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Make your own sails

By Graham Goulding

Five years ago, depressed at wearing out sails at a suit a year and feeling the financial pinch, I started to make my own sails. Now several hundreds of yards of cloth later, I realise just how little I knew about either of the two basic skills involved, designing the sails and constructing them.

The worst problem seems to be their sewing, but this turns out to be largely a matter of planning and dexterity. The real problem is, in fact, their design and I cannot recommend any book that is specific enough to be really helpful. One will probably start by copying professional sails, but let us start from scratch.

Firstly, read the class rules and discuss them with an experienced measurer. Decide on ratio. For the jib, decide on luff length and diagonal. A short luff means low aspect ratio and good flow at the head. Keep the clew low to close the gap at deck level. The main is more complex. I suggest that the foot should be less than 7 ft. as above this the top batten will not set well.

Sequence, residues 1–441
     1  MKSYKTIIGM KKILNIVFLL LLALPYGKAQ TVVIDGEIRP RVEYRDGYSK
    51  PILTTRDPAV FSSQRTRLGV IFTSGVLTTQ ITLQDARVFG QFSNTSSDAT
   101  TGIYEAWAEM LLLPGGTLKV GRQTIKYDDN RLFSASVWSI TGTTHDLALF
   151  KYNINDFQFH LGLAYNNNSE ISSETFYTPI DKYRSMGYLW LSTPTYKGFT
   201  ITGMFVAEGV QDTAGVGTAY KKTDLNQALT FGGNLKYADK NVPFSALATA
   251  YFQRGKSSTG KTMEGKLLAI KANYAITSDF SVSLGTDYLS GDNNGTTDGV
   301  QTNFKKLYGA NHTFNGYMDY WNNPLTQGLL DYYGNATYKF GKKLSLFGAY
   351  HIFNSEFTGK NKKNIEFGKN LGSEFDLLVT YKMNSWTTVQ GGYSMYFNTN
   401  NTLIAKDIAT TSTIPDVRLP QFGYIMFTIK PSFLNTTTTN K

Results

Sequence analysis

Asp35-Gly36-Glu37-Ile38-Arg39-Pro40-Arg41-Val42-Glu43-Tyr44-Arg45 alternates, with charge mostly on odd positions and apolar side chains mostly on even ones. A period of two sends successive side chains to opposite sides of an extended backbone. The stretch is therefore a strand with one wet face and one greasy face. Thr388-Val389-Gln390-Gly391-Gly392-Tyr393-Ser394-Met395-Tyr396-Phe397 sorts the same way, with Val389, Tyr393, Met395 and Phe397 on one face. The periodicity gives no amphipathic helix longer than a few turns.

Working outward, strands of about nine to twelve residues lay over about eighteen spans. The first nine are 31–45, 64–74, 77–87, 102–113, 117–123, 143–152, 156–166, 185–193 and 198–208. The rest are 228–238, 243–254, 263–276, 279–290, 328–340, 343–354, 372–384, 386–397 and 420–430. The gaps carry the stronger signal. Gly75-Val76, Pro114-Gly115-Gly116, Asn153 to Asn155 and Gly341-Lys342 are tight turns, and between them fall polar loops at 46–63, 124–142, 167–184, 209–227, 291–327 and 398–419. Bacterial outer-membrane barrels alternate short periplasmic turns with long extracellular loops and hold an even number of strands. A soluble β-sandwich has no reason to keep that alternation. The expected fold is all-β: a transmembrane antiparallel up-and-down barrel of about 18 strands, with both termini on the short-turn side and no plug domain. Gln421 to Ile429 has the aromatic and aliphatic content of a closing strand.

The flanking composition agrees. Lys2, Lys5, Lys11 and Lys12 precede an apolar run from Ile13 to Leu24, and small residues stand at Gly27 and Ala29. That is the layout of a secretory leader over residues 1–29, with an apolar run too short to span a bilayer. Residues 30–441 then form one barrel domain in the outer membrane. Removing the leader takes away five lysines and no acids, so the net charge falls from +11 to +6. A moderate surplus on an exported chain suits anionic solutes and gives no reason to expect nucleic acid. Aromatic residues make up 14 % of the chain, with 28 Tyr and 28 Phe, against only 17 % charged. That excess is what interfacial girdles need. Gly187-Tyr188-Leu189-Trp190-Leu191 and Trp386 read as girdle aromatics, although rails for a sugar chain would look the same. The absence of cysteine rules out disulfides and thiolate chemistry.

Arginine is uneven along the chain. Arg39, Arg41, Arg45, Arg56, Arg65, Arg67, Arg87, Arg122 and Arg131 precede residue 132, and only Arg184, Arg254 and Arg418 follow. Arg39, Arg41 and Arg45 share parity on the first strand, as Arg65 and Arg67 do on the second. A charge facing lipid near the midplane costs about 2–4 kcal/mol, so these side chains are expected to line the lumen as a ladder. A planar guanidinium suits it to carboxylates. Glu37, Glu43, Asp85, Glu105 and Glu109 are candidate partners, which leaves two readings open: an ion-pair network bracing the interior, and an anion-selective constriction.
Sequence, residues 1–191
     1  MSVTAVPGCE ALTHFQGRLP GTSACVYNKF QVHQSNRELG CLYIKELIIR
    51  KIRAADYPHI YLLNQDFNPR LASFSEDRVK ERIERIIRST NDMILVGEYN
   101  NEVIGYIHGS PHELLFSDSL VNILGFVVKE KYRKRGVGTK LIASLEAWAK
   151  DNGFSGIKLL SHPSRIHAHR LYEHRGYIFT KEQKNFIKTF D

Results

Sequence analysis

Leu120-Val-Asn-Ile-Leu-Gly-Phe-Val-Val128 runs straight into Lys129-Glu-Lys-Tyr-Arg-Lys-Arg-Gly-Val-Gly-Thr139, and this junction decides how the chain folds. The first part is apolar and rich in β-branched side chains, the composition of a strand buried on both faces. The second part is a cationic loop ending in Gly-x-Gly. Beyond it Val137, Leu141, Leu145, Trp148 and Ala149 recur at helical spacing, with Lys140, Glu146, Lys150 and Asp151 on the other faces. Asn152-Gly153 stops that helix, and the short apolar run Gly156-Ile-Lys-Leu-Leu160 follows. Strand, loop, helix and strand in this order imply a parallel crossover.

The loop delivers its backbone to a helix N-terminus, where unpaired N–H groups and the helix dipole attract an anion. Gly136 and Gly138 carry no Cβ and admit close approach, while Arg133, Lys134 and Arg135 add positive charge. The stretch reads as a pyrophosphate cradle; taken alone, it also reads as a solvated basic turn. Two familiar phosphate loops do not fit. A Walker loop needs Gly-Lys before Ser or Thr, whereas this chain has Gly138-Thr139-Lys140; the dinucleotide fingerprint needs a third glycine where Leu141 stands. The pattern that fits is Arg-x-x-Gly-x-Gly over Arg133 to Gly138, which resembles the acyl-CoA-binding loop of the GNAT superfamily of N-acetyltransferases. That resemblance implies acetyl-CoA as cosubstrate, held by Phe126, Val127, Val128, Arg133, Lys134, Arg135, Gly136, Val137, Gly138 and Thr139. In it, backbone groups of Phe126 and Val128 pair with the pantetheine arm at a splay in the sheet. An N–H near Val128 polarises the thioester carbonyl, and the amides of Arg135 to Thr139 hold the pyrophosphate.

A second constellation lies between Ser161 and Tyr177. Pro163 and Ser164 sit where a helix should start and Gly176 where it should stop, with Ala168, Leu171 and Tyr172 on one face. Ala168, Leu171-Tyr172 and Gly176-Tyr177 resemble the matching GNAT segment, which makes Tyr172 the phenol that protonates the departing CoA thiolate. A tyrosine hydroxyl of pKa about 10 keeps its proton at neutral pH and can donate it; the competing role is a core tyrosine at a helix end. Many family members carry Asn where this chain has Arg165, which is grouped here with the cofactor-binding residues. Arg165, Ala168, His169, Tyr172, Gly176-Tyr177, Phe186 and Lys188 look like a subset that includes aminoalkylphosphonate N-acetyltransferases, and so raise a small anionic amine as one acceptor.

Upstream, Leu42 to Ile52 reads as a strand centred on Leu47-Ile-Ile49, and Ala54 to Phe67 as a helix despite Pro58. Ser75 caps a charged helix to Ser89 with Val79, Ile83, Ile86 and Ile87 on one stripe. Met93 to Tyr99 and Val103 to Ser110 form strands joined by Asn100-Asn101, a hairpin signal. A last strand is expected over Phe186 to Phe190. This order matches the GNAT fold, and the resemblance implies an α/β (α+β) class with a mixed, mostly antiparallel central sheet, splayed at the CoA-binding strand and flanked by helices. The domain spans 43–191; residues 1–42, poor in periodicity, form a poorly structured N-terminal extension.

Secondly, examine top helmsmen’s sails. How full are they? Where is the fullness? Will their mast bend take it out and free the leach? How flat does their jib go? You should now be able to start thinking about shape in three dimensions. Ideally, you need a main that will flatten and free at the leach exactly in proportion to your being overpowered, but it should also be full for down wind. A bendy mast and a powerful winch to stop its bend are essential.

Thirdly, measure the bend of your mast, taking offsets to find position and amount of bend. Now make a scale drawing of the sail plan. Draw the mast curve and add to it the amount of fullness you want left when the mast has bent. I would suggest that this will be of the order of two inches at about three foot up, tapering over about eight foot into the line of the mast bend and possibly going an eighth of an inch or so inside it about two feet from the head. These amounts are for a full sail on a ‘C’ section mast. They will flatten the head fairly early, leaving some fullness lower down. If you are heavy, try making the head fractionally fuller. Reduce all the measurements if you are very light. Now mark on the two foot, half and quarter height and clew positions. You have to fiddle to find the batten positions but should eventually have on paper the shape you hope to make the luff and leach. Estimate the foot shape, for it does not work out in three dimensions as it does on paper. Transfer this outline full size to a large floor, either in chalk or by pinning white wool to a carpet at six inch intervals.